It looks like a normal car but the white taxi by the kerb has nobody driving it, and communicates with customers digitally to obtain directions and take payment.
Beijing this week approved its first autonomous taxis for commercial use, bringing dozens of the so-called “robotaxis” to the streets of the Chinese capital.
The vehicles can only carry two passengers at a time and are confined to the city’s southern Yizhuang area.
An employee of the taxi firm also sits in the front of the car in case any sudden intervention is needed, but the vehicle drives itself.
The roll-out is a significant step forward for the driverless ambitions of Chinese tech giant Baidu and start-up Pony.ai, who were given the green light to deploy the cars on Thursday.
But it is expected to be years before the taxis operate fully without human intervention, due to regulations and safety requirements.
Developers are hoping Chinese consumers — who have embraced e-commerce, online payments and other digital solutions — will quickly get used to the sensation of travelling in a car without a driver.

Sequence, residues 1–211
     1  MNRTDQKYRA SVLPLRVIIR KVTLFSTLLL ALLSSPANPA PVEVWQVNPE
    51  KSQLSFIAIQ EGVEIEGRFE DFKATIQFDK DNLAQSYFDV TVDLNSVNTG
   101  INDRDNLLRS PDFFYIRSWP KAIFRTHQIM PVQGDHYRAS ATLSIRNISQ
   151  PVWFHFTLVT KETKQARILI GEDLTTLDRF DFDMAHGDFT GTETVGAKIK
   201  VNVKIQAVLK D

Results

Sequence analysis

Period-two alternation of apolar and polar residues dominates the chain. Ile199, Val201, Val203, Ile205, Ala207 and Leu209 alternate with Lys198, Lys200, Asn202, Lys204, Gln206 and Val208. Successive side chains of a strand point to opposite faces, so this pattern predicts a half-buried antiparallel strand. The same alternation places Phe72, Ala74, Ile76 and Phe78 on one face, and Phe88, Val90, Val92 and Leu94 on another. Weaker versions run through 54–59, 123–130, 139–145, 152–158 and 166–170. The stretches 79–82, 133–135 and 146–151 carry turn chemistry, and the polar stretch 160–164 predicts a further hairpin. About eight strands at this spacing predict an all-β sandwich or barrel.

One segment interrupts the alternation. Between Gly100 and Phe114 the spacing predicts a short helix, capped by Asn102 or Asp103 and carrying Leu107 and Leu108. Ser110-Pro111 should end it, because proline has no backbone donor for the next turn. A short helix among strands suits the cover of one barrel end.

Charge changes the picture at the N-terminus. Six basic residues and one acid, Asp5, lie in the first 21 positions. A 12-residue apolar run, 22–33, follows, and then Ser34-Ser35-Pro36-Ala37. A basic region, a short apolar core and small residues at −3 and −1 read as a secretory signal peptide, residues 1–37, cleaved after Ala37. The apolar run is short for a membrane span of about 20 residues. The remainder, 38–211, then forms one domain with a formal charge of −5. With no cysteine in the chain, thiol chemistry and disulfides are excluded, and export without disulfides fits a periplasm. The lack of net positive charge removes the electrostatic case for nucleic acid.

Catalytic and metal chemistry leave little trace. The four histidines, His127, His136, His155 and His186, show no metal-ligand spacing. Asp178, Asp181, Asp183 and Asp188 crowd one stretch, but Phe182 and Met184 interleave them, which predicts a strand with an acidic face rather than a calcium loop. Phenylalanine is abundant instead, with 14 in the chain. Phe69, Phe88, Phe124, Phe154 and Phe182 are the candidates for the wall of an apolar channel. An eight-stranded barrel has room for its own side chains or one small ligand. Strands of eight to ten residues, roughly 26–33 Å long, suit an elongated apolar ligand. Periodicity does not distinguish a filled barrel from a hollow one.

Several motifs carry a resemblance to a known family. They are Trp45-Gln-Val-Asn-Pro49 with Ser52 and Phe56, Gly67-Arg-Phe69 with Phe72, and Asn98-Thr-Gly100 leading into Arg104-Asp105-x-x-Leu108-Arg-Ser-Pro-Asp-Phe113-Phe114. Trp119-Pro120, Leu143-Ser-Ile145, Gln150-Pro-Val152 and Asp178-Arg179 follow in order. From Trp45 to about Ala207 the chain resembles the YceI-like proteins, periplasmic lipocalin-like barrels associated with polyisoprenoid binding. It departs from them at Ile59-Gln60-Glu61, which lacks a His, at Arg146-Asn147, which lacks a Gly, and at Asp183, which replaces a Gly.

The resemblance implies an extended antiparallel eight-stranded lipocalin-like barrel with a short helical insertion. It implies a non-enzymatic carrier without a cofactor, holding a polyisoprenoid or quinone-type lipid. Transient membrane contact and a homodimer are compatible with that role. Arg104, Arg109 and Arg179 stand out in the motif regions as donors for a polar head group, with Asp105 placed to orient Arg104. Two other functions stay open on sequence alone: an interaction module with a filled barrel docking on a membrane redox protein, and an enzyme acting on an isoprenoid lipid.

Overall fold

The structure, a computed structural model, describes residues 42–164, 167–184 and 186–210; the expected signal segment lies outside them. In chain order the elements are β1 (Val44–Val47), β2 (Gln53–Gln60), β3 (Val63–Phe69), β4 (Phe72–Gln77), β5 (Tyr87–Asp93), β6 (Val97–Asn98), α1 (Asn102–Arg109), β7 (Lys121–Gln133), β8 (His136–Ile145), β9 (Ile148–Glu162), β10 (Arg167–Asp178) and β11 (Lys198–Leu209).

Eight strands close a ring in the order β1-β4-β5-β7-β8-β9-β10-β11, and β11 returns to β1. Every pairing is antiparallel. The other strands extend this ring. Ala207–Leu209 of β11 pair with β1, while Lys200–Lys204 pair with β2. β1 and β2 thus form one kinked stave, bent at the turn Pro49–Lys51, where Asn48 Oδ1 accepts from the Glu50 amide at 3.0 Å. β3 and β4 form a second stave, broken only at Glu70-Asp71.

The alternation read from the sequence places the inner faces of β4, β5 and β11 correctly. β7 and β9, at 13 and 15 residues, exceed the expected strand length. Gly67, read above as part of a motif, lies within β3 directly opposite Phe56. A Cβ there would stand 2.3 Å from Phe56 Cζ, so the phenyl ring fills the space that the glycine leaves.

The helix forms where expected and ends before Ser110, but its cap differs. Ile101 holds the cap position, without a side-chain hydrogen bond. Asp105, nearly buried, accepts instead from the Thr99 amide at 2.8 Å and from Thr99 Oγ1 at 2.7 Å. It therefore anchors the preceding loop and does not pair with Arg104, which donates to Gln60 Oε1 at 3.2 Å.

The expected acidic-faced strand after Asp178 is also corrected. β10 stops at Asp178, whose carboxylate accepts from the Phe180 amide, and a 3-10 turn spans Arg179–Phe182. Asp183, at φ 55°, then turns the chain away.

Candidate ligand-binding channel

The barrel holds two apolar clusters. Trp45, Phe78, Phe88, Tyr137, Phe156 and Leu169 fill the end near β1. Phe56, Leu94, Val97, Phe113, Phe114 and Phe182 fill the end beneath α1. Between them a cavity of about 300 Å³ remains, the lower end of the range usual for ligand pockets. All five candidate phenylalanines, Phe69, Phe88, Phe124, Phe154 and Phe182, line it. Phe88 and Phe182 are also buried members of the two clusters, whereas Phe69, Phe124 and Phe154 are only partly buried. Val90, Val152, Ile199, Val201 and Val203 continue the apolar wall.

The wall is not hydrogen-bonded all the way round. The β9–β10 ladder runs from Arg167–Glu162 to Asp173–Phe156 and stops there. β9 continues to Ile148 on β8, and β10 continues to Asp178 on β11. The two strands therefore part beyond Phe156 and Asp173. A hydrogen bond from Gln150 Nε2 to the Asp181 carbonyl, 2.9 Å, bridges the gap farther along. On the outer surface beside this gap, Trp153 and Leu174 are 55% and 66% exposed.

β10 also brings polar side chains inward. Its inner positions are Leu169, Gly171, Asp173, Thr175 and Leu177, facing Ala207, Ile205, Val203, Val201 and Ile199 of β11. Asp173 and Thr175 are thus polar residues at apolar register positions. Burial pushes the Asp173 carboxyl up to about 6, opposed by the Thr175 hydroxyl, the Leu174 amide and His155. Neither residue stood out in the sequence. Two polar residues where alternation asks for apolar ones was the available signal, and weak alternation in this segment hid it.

Pony.ai co-founder Peng Jun said the key to moving the industry forward is “policy, technology and public acceptance”.
More than 500,000 trips have already been made in Pony.ai’s robotaxis during earlier testing stages, the Toyota-backed start-up said.
Passengers using Baidu’s “Apollo Go” cars must download an app called “Luobo kuaipao” — meaning “radish run” — and can hail a cab at one of 600 pick-up and drop-off points.
Sixty-seven Baidu taxis are on the roads in Beijing charging just over two yuan ($0.30) for a 5.9-kilometre (3.66-mile) journey.
Alibaba-backed start-up AutoX and ride-hailing giant DiDi Chuxing have also been running robotaxi pilot projects in cities around the country.